SEPnet send the Tactile Universe team our heartiest congratulations on this fantastic achievement. We have thoroughly enjoyed working with Nic, Jen and Coleman and look forward to continuing to do so through the exciting next phase of the project.


Machine Learning & AI Online Workshop 12 January 2022

Thank you to Professor Adrian Bevan, Head of Department of Physics and Astronomy, Queen Mary University of London who delivered the GRADnet Machine Learning & AI online workshop on 12 January 2022 to over 40 postgraduate and postdoctoral researchers.

Adrian’s view of how the day went: “It is important to develop and maintain relevant skills throughout our working lives, from the moment we start studying through to the day we retire. Really great to see a new generation of Physics PhD students as a part of the GRADnet programme follow the 2022 GRADnet Machine Learning workshop today. We had over 50 participants registered for the event, which covered real world use of ML, an introduction to machine learning using TensorFlow, and an overview of how to use data science to predict air-pollution – a global problem that is gaining prominence in terms of links to health.

Our first speaker was an ex-Physicist and Queen Mary University of London alumnus Dr Tom Charman. He now works at Accelex on the use of AI in industry, focusing on NLP application to financial documentation. It was fascinating to see the same kinds of thought processes and workflow ideas that help particle physicists analyse abstract forms of data to find the Higgs boson, and search for new particles at the LHC applied to NLP problems in the real world. This really highlights that the skills sets developed as a physicist are really widely transferable. Learning about the priorities of UK companies in terms of the additional skill sets beyond that taught in the curriculum, is also a great help – as we all need to embrace professional development in our careers, from the outset until the day we retire.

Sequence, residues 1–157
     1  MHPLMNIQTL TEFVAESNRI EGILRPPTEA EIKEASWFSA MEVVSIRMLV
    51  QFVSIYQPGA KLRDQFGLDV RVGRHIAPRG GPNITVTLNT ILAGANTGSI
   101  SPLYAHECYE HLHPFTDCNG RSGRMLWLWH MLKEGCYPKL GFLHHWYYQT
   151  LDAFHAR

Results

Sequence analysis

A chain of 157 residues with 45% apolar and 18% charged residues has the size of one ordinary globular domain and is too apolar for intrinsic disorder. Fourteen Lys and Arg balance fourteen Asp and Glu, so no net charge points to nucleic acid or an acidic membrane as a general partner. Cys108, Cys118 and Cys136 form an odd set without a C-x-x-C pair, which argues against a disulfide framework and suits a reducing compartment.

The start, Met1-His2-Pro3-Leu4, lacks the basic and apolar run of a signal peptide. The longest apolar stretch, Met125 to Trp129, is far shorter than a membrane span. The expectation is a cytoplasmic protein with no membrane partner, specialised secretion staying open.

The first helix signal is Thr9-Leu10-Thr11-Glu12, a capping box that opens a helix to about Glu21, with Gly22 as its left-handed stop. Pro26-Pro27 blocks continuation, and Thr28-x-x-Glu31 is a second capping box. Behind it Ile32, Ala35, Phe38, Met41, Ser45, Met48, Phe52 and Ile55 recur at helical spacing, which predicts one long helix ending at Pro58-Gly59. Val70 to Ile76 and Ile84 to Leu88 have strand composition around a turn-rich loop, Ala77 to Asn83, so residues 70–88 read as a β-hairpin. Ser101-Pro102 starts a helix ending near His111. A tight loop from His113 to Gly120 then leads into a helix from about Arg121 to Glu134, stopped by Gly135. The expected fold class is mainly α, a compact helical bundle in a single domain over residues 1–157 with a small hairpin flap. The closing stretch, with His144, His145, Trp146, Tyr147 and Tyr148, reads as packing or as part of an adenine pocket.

Drs Marcella Bona and Jia-Chen Hue from Queen Mary University of London talked about the SAPIENS (Smart Air Pollution Information Enabling New Solutions) project looking at data sets collected in Mexico City and how from that one can predict air pollution. This was another data science project that used methods (and code!) from an LHC analysis – this time used for rare B decay studies on ATLAS. The ability for physicists to work in a multidisciplinary team of data scientists to study this critical and ubiquitous problem facing populations of large cities across the planet is amazing. Again it highlights the importance of learning how to solve a problem in whatever you want to specialise in and then look for interesting ways to make a difference by applying your knowledge elsewhere. Sharing that expertise across the disciplines helps make great ideas turn into real outcomes.